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Figure 1.
Distribution of behavioral pure-tone thresholds (n = 80) across frequencies. HL indicates hearing level.

Distribution of behavioral pure-tone thresholds (n = 80) across frequencies. HL indicates hearing level.

Figure 2.
Distribution of auditory steady-state response thresholds (n = 80) across frequencies. HL indicates hearing level.

Distribution of auditory steady-state response thresholds (n = 80) across frequencies. HL indicates hearing level.

Figure 3.
Pearson correlations between auditory steady-state response (ASSR) and behavioral thresholds at 0.5 (A), 1 (B), 2 (C), and 4 (D) kHz. PTT indicates pure-tone threshold.

Pearson correlations between auditory steady-state response (ASSR) and behavioral thresholds at 0.5 (A), 1 (B), 2 (C), and 4 (D) kHz. PTT indicates pure-tone threshold.

Mean Behavioral Thresholds and ASSR Estimates for the Whole Sample and for Severe and Profound Thresholds
Mean Behavioral Thresholds and ASSR Estimates for the Whole Sample and for Severe and Profound Thresholds
1.
Rance  GRickards  FWCohen  LTBurton  MJClark  GM Steady state evoked potenials. Adv Otorhinolaryngol.1993;48:44-48.
PubMed
2.
Rance  GDowell  RCRickards  FWBeer  DEClark  GM Steady state evoked potential and behavioral hearing thresholds in a group of children with absent click evoked auditory brainstem response. Ear Hear.1998;19:48-61.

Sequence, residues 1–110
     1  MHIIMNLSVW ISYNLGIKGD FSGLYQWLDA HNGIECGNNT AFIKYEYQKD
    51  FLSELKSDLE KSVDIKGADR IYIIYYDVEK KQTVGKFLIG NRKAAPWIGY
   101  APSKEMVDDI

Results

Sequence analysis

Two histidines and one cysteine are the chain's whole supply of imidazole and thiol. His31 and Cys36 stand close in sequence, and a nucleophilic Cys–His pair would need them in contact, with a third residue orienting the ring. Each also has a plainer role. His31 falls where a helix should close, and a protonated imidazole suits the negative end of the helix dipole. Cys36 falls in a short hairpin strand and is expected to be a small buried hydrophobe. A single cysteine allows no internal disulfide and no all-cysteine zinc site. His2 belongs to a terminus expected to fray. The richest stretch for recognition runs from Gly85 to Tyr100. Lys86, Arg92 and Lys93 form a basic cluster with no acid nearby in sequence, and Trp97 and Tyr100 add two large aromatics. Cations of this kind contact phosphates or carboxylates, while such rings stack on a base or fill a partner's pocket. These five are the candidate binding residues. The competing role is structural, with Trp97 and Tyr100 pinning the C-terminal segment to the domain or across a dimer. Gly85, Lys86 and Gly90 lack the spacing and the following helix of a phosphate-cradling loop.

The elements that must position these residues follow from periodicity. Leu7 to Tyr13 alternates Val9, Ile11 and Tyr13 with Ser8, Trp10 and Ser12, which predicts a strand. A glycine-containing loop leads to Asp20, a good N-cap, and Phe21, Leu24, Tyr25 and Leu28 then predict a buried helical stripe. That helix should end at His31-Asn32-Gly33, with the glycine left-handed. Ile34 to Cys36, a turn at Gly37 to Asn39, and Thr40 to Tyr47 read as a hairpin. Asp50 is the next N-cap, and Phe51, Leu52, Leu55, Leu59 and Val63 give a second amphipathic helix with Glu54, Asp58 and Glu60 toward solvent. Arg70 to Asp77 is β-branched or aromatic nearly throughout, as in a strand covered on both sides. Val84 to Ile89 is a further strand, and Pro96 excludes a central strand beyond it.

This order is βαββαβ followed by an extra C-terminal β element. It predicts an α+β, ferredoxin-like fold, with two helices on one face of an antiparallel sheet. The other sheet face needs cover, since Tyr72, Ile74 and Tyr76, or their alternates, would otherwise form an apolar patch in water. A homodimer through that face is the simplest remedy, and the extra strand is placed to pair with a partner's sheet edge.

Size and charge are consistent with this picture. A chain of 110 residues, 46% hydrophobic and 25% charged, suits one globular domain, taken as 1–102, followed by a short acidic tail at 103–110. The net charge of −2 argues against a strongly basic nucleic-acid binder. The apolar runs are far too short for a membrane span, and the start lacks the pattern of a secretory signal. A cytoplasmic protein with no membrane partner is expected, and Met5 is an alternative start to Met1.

PubMed
3.
Swanepoel  DHugo  R Estimations of auditory sensitivity for young cochlear implant candidates using the ASSR: preliminary results. Int J Audiol. In press.
4.
Lins  OGPicton  TWBoucher  BL  et al Frequency-specific audiometry using steady-state responses. Ear Hear.1996;17:81-96.
PubMed
5.
Picton  TWJohn  MSDimitrijevic  APurcell  D Human auditory steady-state responses. Int J Audiol.2003;42:177-221.
PubMed
6.
Arlinger  S Audiologic diagnosis of infants. Semin Hear.2000;21:370-386.
7.
Rance  GBriggs  RJS Assessment of hearing in infants with moderate to profound impairment. Ann Otol Rhinol Laryngol.2002;111(suppl 189):22-28.
8.
Northern  JLDowns  MP Hearing in Children. 5th ed. Baltimore, Md: Lippincott Williams & Wilkins; 2002.
9.
Sinninger  YS Changing considerations for cochlear implant candidacy: age, hearing level and auditory neuropathy.  In: Seewald  RC, Gravel  JC, eds.A Sound Foundation Through Early Amplification, 2001: Proceedings of the Second International Conference. Suffolk, England: Immediate Proceedings Ltd; 2002:187-194.
10.
Zwolan  TA Cochlear implants.  In: Katz  J, ed. Handbook of Clinical Audiology.5th ed. Baltimore, Md: Lippincott Williams & Wilkins; 2002:740-757.
11.
Yoshinaga-Itano  C Cochlear implantation before 12 months of age.  In: Schauwers  K, Govarts  P, Gillis  S, eds.Language Acquisition in Young Children With a Cochlear Implant. Antwerp, Belgium: Antwerp Papers in Linguistics; 2002:61-76.
12.
Aoyagi  MSuzuki  YYokota  MFuruse  HWatanabe  TIto  T Reliability of 80-Hz amplitude-modulation-following response detected by phase coherence. Audiol Neurootol.1999;4:28-37.
PubMed
13.
Rance  GRickards  FWCohen  LTDe Vidi  SClark  GM The automated prediction of hearing thresholds in sleeping subjects using auditory steady-state evoked potentials. Ear Hear.1995;16:499-507.
PubMed
14.